Is it now OK to use the SELECT...INTO clause?

I was brought up to believe that one should only use SELECT..INTO in development work but never in production code. In fact I've often experienced application lock-ups due to a programmer doing a SELECT.. INTO and locking tempDB. I gather that it is now OK to use it whenever one feels like it. When did it become OK, and when would one ever use this in preference to an explicit table creation?

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asked Oct 12, 2009 at 01:35 PM in Default

Andrew Clarke gravatar image

Andrew Clarke
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I just added the 'blocking' tag here, hope you don't mind!
Oct 12, 2009 at 02:12 PM Matt Whitfield ♦♦
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5 answers: sort voted first

I use Select Into pretty regularly. The tempdb locks were fixed a long time ago (SQL 7 or 2000, I don't remember which).

I've done speed tests, and Select Into is generally measurably faster than separate create and insert statements.

It comes in extremely useful when using Select Into From OpenRowset for importing from text files, csv files, etc., because you often don't have a detailed definition for the data model of the text file, and can easily end up with truncation errors if you create the table explicitly. This allows creation of a temp import table, and then, using tempdb.sys.columns and sys.columns (for the target database), you can compare data types and lengths and do error handling that makes more sense.

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answered Oct 12, 2009 at 03:39 PM

GSquared gravatar image


I have seen this issue with contention in tempdb in SQL server 2000, but I think it was fixed with sp3 or sp4. I still use create and insert just in case.
Oct 20, 2009 at 04:44 PM Håkan Winther
As a matter of fact, I am having this issue right now in SQL Server 2008! Someone is using a stored procedure with select * into #tmp from a_slow_running_query.
Oct 22, 2009 at 08:18 AM Håkan Winther
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That issue was fixed in SQL Server 7, I believe.

I would personally always prefer to see an explicit CREATE beforehand, because it is a lot more accessible to someone who later reads the script.

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answered Oct 12, 2009 at 02:11 PM

Matt Whitfield gravatar image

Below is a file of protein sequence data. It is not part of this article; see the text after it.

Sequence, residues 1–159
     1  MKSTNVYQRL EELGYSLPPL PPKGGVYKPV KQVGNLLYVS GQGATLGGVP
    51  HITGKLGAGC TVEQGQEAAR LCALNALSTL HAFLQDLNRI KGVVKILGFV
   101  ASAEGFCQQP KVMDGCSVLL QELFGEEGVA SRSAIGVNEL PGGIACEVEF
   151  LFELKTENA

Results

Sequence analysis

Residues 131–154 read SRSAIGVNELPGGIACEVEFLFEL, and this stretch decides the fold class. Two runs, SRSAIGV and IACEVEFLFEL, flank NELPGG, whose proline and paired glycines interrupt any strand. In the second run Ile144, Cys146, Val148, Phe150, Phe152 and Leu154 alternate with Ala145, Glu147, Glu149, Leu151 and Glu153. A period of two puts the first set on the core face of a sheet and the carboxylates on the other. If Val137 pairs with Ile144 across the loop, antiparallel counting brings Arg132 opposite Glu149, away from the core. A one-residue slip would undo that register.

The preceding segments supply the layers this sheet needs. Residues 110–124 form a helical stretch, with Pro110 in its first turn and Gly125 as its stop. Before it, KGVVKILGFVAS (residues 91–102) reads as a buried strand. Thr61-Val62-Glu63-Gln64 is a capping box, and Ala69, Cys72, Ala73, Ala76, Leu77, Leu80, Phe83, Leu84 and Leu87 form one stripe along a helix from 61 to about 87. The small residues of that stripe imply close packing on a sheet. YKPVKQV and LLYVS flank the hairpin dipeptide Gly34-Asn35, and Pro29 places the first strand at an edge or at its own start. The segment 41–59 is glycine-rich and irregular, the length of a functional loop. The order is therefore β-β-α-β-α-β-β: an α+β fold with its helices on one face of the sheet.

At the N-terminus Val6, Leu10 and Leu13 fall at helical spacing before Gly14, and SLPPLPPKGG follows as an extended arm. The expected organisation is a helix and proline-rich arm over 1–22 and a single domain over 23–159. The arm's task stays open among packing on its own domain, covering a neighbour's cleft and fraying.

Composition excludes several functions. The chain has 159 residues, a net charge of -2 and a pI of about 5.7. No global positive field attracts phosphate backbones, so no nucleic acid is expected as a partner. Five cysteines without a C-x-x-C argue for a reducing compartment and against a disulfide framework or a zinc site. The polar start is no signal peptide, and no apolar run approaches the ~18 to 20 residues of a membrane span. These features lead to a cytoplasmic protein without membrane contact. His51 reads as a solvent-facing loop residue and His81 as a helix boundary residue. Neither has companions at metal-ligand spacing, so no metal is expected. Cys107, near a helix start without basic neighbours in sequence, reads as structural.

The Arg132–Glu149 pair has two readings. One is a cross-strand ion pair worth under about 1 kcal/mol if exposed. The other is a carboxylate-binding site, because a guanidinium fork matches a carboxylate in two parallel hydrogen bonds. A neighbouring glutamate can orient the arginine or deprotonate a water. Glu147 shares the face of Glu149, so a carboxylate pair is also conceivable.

Matt Whitfield ♦♦
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It's no longer an issue (try these links), but typically, I still use the workaround where you SELECT INTO whatever WHERE 0 = 1 (and then a separate INSERT later) - this creates the table with all the original data types and NULLable options.

There is a benefit of doing it this way instead of CREATE from what you think the column names and types are. If you use SELECT INTO, you will see what SQL Server is using as the result of your expressions and you might find casting which is unintentional or incorrect - particularly in numeric lengths or string lengths - or what kinds of nullability are inferred.

Later I can fix the table definition and turn it into a proper CREATE.

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answered Oct 12, 2009 at 02:35 PM

Cade Roux gravatar image

Cade Roux
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I agree with Matt, that I like the Create. I'm not sure that this issue is fixed though. I'd like to see a link before I vote for Matt's answer.

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answered Oct 12, 2009 at 02:32 PM

Jack Corbett gravatar image

Jack Corbett
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I can't find a good link on MSDN - I think they've retired a lot of the content from that sort of time (it being 10+ years ago :) ) - but there are plenty of sources on the net discussing it being fixed in 7 - for example http://stackoverflow.com/questions/1302670/sql-server-select-into-and-blocking-with-temp-tables
Oct 12, 2009 at 03:46 PM Matt Whitfield ♦♦
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Bear in mind also that if your database is set to a simple or bulk-logged recovery model, that SELECT... INTO is minimally logged which can provide a substantial performance gain.
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answered Sep 09 at 12:03 PM

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asked: Oct 12, 2009 at 01:35 PM

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Last Updated: Sep 09 at 12:03 PM